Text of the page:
Do real street sleepers suffer from Psycho-social stress? Psycho-social stress is the result of a cognitive appraisal of what is at stake and what can be done about it. More simply put, psycho-social stress results when we look at a perceived threat in our lives (real or even imagined), and discern that it may require resources we don't have. Examples of psycho-social stress include things like a threat to our social status, social esteem, respect, and/or acceptance within a group; threat to our self-worth; or a threat that we feel we have no control over. All of these threats can lead to a stress response in the body.
When psychosocial stress triggers a stress response, the body releases a group of stress hormones including cortisol, epinephrine (or adrenalin) and dopamine, which lead to a burst of energy as well as other changes in the body. The changes brought about by stress hormones can be helpful in the short term, but can be damaging in the long run. For example, cortisol can improve the body’s functioning by increasing available energy (so that fighting or fleeing is more possible although some choose the freeze response), but can lead to suppression of the immune system (does this contribute to the shortened life expectancy of street sleepers?) as well as a host of other effects. Epinephrine can also mobilize energy, but create negative psychological and physical outcomes with prolonged exposure. That's why it's important to manage psychosocial stress in our lives so that the stress response is only triggered when necessary. It's also important to learn stress relief techniques to effectively reverse the stress response so we don't experience prolonged states of stress, or chronic stress.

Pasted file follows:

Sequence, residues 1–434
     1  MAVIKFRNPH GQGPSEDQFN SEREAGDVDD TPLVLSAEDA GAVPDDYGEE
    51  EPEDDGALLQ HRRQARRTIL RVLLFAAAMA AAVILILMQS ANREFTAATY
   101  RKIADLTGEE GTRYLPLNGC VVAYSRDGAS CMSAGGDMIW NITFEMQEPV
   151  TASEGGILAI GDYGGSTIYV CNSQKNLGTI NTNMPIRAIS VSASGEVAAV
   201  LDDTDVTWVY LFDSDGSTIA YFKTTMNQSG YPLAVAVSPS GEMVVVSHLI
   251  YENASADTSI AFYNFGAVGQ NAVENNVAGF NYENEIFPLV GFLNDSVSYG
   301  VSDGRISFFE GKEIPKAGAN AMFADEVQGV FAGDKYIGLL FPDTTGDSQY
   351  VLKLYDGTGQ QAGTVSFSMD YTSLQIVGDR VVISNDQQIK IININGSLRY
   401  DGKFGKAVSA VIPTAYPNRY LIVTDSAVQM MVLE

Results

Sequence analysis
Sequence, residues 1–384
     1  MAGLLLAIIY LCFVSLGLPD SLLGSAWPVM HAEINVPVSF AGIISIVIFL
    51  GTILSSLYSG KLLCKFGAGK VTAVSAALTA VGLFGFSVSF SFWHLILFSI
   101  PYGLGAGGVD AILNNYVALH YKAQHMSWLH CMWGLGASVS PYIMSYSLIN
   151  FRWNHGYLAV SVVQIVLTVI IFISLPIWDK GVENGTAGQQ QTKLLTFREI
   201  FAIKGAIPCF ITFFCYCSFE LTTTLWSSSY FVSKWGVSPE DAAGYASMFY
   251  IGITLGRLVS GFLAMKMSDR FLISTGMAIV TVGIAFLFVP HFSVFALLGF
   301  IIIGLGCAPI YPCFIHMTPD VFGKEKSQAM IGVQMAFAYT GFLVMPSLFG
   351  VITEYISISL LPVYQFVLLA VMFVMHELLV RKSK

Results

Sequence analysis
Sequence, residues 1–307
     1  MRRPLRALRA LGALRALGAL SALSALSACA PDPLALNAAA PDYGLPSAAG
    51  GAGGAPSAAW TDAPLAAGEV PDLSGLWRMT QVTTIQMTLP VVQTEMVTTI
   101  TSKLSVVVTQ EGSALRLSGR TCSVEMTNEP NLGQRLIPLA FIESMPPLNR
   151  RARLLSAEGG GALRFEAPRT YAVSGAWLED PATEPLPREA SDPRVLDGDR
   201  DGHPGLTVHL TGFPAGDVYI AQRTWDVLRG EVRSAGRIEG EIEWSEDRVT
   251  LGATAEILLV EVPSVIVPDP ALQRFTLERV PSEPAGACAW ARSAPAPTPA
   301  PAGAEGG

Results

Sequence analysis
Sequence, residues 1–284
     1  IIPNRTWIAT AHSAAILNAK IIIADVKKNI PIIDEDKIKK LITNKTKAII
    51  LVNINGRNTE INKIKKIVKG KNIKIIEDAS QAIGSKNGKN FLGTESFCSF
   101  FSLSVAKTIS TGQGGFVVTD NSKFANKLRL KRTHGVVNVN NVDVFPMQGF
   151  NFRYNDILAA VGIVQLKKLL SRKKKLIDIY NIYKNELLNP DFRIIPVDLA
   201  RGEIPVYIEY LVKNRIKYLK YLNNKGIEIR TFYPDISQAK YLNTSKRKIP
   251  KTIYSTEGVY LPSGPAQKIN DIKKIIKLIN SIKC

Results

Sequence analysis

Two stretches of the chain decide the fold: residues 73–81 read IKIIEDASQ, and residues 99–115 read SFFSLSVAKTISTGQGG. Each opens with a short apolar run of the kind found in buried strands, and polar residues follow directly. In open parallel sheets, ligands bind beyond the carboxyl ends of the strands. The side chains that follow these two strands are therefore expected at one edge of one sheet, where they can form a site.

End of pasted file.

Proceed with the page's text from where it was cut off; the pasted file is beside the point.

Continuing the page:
During ‘The Troubles’ in Northern Ireland, psycho-social stress was very evident. People in their own homes simply did not feel safe. This led to a state of mistrust within and communities became very suspicious of strangers and acted accordingly. The tension was in the air, as it were, it seemed to lift when members of these same communities visited other places on holiday for example only to reappear on their return home. This led to increased levels of medication and indeed self-medication through the abuse of substances such as alcohol, drugs and food in both communities in quantities hitherto unknown. In many cases the church, even though it could have been seen as a divisive factor, was a welcome refuge for many. In some communities is this tension being expressed towards foreign nationals who are trying to integrate into Northern Ireland?
Street sleepers are also being taken advantage of by the sudden rise of career beggars, people who imply or pretend to be homeless and in need of goodwill & assistance. This practice is perhaps being encouraged by the public empathy towards genuine street sleepers. The people who choose to be career beggars enjoy the benefit of public goodwill towards homeless people and the donations the public provide to individuals.
Are career beggars clouding and distorting the real problem of street sleepers?
How can we help and protect the people who need it the most?
How do we support the homeless with the long term help they really need?
How do we think in new ways to offer our homeless people effective help?
Should we respect their decision to street sleep and not interfere, all because it's not our normality?
Should councils consider multi-purpose street furniture?
Who is really dealing with the situation and can the various bodies amalgamate to produce a more rounded service?
How do we recognize that the world especially the street sleepers world is a much better place due to the support volunteers who provide around the clock care which is ultimately life-saving.